Hendrick Sharp

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Hendrick Sharp
Born 1815
Died 1892 (aged 76–77)
Place of burial Captain Ted Conaway Memorial Naval Cemetery, Portsmouth, Virginia
Allegiance United States
Service/branch United States Navy
Rank Seaman
Unit USS Richmond
Battles/wars American Civil War
 • Battle of Mobile Bay
Awards Medal of Honor

Hendrick Sharp (1815–1892) was a Union Navy sailor in the American Civil War and a recipient of the U.S. military's highest decoration, the Medal of Honor, for his actions at the Battle of Mobile Bay.

Born in 1815 in Spain, Sharp immigrated to the United States and was living in New York when he joined the U.S. Navy. He served in the Civil War as a seaman and gun captain on the USS Richmond. During the Battle of Mobile Bay on August 5, 1864, he "fought his gun with skill and courage" despite heavy fire. For this action, he was awarded the Medal of Honor four months later, on December 31, 1864.[1][2]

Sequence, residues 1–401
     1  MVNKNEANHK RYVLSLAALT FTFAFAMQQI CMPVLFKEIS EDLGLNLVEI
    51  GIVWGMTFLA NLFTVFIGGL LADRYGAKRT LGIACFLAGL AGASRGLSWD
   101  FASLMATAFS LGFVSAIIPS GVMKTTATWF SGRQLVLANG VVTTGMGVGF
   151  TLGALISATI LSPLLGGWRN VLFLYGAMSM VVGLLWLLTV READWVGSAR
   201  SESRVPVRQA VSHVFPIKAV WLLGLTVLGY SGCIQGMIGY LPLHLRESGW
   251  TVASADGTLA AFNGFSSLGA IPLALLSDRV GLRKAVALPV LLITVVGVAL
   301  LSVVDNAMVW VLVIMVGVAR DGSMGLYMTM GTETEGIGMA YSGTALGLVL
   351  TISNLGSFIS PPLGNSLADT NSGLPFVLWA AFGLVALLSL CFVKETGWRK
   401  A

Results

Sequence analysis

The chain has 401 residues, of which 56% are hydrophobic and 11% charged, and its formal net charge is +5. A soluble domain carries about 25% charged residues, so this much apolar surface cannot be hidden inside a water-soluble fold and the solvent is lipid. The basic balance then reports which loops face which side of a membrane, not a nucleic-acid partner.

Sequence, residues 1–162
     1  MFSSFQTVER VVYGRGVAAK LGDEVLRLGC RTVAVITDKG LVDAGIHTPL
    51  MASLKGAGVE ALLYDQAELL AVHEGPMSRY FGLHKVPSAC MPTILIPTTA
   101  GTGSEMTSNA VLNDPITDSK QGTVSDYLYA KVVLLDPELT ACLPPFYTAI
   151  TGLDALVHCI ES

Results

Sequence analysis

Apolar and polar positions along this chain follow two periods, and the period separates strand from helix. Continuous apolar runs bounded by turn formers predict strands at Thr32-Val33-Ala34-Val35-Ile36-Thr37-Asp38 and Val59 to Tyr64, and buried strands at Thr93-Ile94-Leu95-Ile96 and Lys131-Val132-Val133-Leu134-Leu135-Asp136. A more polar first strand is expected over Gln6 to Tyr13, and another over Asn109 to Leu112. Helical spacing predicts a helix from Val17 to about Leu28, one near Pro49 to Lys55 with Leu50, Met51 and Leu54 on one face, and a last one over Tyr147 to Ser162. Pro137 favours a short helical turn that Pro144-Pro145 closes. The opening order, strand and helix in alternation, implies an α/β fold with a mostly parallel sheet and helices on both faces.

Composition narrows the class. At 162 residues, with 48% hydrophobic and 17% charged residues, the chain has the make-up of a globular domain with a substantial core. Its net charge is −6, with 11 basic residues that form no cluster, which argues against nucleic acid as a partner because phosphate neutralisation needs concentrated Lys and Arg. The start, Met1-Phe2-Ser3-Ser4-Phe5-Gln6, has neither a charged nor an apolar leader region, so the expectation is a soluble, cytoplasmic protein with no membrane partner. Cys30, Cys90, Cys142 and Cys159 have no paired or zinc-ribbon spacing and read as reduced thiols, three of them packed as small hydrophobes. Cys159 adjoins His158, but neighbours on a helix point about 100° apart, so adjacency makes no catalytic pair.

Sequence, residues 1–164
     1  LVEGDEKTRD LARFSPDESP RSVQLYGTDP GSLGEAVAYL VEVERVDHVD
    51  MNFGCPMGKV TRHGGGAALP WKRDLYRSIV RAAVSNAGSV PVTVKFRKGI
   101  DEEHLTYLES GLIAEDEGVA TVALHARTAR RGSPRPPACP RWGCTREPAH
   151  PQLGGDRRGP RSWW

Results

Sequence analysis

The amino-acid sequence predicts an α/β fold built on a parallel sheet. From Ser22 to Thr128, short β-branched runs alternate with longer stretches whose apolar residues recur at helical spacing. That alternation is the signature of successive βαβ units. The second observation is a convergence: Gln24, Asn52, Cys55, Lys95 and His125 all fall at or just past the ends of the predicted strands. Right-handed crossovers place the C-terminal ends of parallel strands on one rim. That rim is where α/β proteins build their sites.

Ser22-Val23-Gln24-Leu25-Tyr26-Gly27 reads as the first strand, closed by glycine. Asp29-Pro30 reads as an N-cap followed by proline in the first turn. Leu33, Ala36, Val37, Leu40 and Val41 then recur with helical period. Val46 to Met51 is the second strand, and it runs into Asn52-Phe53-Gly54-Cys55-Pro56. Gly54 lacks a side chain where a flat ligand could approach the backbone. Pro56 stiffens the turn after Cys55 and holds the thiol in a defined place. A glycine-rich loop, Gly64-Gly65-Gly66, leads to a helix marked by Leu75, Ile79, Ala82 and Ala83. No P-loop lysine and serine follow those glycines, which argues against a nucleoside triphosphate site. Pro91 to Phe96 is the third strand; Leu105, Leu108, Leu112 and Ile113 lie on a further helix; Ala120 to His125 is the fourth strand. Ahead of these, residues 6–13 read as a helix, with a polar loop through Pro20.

Sharp's official Medal of Honor citation reads:

As captain of a 100-pounder rifle gun on topgallant forecastle on board the U.S.S. Richmond during action against rebel forts and gunboats and with the ram Tennessee in Mobile Bay, 5 August 1864. Despite damage to his ship and the loss of several men on board as enemy fire raked her decks, Sharp fought his gun with skill and courage throughout a furious 2-hour battle which resulted in the surrender of the rebel ram Tennessee and in the damaging and destruction of the batteries at Fort Morgan.[2]

Sharp died in 1892 at age 76 or 77 and was buried at Captain Ted Conaway Memorial Naval Cemetery in Portsmouth, Virginia. His status as a Medal of Honor recipient was not discovered until late 2009. A new grave marker indicating his decoration was unveiled in 2010.[3]


  1. ^ "Hendrick Sharp". Hall of Valor. Military Times. Retrieved September 17, 2012. 
  2. ^ a b "Civil War Medal of Honor Recipients (M–Z)". Medal of Honor Citations. United States Army Center of Military History. June 26, 2011. Archived from the original on February 23, 2009. Retrieved September 17, 2012. 
  3. ^ Perron, Rebecca A. (May 31, 2010). "Memorial Day Observed at NMCP Cemetery". United States Navy. Archived from the original on September 17, 2012. 

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